As for what to look forward to – well, the cultural programme looks great fun with lots from which to pick and choose over the course of the year. I’m very much looking forward to that’.
What are your favourite personal experiences on the islands and what do you like to do if you have a moment to relax?
‘We are really blessed on the islands, as there are so many lovely places to enjoy. For myself, I have always been taken with Mellieħa overlooking Għadira Bay; watching the boats return from a day out at sea. To me, that is one of the most spectacular views in the world. Also, at the top or the list, is sailing around the islands. There are few more magical ways to discover them; you gain an entirely new perspective. Another favourite of mine is entering The Grand Harbour, especially at sunrise, near Rinella and Cottonera – it is simply breath-taking. There are few places more special - you feel truly embraced by it all and connected to history.
I am also privileged to be able to enjoy the Prime Minister’s summer residence - the Girgenti Palace. The view from the palace is something out of this world. I do try to enjoy it as much as I can when I have the opportunity’.
Is there anyone in your life that you have found particularly inspiring and who have created an example you have tried to follow.
‘There are two politicians that I have always found particularly inspirational. The first is FDR (Franklin Delano Roosevelt). He is, in my view, the greatest American President. His achievements are remarkable. To pull the United States out of the Great Depression with the ‘New Deal’; to guide the country through the majority of the Second World War; and establish the social welfare programmes that they still enjoy today, is simply astounding. The second is Robert Kennedy. His ideas, liberalism and passion were phenomenal.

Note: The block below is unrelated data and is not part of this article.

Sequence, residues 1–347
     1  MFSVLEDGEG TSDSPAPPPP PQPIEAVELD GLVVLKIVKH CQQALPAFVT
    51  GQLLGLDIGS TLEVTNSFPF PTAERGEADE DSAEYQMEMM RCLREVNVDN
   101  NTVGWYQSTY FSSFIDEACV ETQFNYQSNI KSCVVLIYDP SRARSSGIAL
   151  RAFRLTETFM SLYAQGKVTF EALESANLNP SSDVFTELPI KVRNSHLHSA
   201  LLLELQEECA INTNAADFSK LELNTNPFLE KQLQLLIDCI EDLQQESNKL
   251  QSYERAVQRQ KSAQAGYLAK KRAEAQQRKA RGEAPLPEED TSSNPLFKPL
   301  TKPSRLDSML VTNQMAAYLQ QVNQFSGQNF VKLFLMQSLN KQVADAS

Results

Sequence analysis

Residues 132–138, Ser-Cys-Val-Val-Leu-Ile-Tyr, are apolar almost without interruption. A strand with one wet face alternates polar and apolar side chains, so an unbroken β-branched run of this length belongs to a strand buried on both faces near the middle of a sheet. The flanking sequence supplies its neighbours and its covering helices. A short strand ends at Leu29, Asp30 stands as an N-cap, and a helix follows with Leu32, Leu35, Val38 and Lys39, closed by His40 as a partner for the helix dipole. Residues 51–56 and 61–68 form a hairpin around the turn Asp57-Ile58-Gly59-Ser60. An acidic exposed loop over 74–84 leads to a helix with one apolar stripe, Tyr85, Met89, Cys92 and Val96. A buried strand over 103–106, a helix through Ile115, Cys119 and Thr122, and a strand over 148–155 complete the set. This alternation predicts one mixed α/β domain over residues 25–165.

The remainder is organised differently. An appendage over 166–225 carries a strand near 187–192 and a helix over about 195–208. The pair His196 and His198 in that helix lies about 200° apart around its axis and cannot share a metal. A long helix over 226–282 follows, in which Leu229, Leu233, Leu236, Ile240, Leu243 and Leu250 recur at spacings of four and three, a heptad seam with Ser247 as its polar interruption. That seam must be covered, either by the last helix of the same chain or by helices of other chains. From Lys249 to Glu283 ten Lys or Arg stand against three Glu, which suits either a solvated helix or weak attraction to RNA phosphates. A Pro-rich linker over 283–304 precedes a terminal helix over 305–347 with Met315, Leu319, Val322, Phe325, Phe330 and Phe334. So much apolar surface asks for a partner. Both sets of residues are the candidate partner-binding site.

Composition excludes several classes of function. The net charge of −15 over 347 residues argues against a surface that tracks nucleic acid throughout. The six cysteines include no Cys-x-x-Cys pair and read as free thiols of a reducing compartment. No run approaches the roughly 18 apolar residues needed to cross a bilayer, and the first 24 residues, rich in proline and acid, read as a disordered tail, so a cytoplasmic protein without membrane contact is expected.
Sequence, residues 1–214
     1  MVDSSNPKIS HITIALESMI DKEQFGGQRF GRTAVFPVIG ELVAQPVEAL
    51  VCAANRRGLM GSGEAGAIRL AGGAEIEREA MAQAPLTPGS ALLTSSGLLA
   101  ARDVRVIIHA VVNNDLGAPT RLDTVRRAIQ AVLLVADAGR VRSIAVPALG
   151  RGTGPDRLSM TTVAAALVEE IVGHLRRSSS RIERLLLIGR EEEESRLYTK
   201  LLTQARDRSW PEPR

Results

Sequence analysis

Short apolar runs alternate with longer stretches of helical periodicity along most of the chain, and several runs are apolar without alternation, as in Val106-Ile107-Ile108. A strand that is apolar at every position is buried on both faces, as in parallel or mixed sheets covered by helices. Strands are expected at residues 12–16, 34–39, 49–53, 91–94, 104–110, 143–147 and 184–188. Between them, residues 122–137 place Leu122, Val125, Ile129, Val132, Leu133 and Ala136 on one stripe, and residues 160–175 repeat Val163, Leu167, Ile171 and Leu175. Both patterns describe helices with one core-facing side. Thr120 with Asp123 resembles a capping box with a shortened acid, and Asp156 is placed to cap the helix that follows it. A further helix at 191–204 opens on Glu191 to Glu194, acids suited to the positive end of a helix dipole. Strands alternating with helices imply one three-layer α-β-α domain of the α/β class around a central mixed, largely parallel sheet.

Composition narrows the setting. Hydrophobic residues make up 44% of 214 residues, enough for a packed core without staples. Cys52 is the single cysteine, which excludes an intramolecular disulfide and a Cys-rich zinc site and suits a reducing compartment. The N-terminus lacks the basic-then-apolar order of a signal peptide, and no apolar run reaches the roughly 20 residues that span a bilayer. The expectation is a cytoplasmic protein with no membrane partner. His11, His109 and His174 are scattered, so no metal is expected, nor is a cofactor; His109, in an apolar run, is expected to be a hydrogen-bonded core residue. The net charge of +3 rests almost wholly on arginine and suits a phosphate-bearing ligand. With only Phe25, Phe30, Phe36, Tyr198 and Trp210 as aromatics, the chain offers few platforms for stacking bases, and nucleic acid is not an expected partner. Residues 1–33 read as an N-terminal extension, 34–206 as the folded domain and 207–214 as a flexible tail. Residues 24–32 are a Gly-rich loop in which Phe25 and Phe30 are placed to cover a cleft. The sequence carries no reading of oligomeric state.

Even though I didn’t live in their life time, anything about them I try to watch and read.’
Lastly, what would be your advice to those wishing to enter a political career?
‘I would have to say that you can never underestimate the responsibility that you undertake in this job. Secondly, you have to be in it for the right reasons. Ultimately, you have to be the person who is ready to commit to making the right changes, to take responsibility, to stop complaining and to get on with it. You also have to be ready to take blame and say when necessary ‘’the buck stops here!’’. There is no one else to turn to, so you have to be ready to accept that. If done properly, one finds that this is a very rewarding job and I would do it all over again!’
TEMPLE would like to thank the Honourable Dr Joseph Muscat for giving us the opportunity for this interview. It has been an honour for all of us. We would also like to thank the Office of the Prime Minister for making the arrangements.
Published TEMPLE Magazine 2017/18
Copyright: Temple Concierge Ltd.
Images: Jan Zammit and Temple Concierge